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Milk production falls as temperature rises

July 23, 1998

photo: RIC DUGAN / staff photographer

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Cool CowsBy LAURA ERNDE / Staff Writer

Cows don't do much, but when it gets this hot they do even less, Washington County farmers said.

Milk production is down an average of 15 percent due to the heat wave. Cows that normally give 60 to 70 pounds of milk per day only give 50 to 60 pounds during a heat wave, said Boonsboro farmer Craig Leggett.

The reason is simple - cows don't eat as much when it gets hot.

"Just like you. You're hot and miserable and don't feel like eating," said Gerald Ditto, president of the Washington County Farm Bureau.

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The temperature in Hagerstown hit a high of 95 degrees Tuesday and Wednesday, according to Hagerstown weather observer Greg Keefer.

Despite a steady breeze both days, it felt more like 105 degrees, Keefer said.

The heat prompted the Maryland Department of Health and Mental Hygiene to issue a health advisory for most of the state on Wednesday.

An Antietam Cable worker was overcome by the heat and sought help at the Maugansville Volunteer Fire Co. about 3 p.m., said Deputy Chief Bill Garrett.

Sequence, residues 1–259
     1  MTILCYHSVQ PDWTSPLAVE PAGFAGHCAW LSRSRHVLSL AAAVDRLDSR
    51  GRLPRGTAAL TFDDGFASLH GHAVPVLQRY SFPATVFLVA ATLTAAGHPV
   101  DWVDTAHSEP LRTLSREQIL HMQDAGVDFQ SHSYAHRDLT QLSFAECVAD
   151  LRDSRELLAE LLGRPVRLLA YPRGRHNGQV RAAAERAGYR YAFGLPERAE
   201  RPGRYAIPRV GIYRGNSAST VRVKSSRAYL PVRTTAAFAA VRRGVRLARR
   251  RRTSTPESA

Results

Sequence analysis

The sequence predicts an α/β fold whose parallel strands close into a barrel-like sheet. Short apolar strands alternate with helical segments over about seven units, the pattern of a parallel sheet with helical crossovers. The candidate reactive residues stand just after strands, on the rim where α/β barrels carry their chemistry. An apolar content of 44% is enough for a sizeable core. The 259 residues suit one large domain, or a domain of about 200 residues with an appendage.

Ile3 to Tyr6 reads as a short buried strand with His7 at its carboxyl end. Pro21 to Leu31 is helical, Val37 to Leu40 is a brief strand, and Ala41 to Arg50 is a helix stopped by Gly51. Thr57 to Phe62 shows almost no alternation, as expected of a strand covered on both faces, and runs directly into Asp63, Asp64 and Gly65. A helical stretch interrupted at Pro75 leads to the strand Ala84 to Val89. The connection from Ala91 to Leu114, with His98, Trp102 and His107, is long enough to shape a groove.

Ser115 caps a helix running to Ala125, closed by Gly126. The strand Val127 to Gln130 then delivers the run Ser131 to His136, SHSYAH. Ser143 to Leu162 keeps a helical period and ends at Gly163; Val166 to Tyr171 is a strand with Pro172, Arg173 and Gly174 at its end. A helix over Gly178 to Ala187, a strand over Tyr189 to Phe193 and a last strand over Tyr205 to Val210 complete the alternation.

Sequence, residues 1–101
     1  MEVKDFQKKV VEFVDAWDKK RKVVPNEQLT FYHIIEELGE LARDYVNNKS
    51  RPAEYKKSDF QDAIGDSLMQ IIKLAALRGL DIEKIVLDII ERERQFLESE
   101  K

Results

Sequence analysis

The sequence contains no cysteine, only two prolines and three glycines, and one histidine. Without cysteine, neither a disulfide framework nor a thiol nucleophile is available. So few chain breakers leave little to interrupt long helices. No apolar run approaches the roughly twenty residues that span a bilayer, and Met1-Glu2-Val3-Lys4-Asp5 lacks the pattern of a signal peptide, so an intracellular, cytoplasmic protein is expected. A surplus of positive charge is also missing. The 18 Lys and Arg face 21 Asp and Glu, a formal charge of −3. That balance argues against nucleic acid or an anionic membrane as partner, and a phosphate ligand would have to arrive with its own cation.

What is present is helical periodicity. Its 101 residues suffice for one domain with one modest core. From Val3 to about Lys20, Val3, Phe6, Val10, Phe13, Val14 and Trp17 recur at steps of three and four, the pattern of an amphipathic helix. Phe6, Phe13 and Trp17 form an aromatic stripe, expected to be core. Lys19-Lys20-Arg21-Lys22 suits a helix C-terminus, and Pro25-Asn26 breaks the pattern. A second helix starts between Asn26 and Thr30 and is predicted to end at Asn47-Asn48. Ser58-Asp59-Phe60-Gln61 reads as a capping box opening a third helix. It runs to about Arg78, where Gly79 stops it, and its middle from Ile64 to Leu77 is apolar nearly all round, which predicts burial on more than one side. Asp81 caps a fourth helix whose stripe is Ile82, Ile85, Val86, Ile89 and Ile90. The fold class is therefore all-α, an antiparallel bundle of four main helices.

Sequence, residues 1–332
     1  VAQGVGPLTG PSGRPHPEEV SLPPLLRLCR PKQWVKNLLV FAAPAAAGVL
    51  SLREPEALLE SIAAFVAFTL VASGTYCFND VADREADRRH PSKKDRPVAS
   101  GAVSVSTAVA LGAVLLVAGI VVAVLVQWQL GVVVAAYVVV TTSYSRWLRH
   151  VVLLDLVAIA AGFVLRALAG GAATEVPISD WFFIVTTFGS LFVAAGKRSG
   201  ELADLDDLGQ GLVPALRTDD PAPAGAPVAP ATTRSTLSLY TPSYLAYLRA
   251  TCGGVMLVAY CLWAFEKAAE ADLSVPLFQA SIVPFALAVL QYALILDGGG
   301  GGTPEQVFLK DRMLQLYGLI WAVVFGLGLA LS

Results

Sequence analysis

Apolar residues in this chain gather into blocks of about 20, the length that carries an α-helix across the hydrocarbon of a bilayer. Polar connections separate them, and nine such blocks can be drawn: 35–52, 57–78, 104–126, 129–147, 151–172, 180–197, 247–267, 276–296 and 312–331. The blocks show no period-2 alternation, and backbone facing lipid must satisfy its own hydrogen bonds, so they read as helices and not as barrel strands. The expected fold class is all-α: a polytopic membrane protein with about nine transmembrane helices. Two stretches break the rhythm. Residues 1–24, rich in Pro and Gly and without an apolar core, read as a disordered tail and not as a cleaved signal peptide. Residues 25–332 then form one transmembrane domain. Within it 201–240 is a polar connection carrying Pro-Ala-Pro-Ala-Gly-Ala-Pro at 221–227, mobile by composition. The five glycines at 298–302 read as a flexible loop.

Volunteers cooled down the 49-year-old man and took him to Washington County Hospital, Garrett said.

There was no sign the weather would cool down before Friday, said the National Weather Service.

To keep animals as comfortable as possible, farmers have been using fans and misting water, Ditto said.

It doesn't take long for a drop in milk production to affect the bottom line. If the heat wave continued, a typical 100-cow herd would lose $4,000 a month, Leggett said.

The heat wave is affecting other animals, including hogs, Ditto said.

Ditto hasn't lost any hogs at his Clear Spring area farm, he said, but he is concerned his sows will not be able to produce enough milk to feed the piglets, he said.

In addition to heat, farmers are dealing with a short dry spell. Washington County has received a scant 1.34 inches of rain so far this month, Keefer said.

"It's really starting to take its toll," Leggett said.

But most crops are holding their own, Ditto said.

A very wet spring has helped the early planted corn. The curl of the soybean leaves is normal, he said.

Orchardists weren't complaining about the heat.

"This is peach weather. This is when you should be picking peaches, when it's 95 degrees and the dust is flying," said Ben Clopper of Clopper Orchards in Smithsburg.

Keefer also said he likes the heat.

"I waited all winter for it and I'm going to enjoy it," Keefer said.

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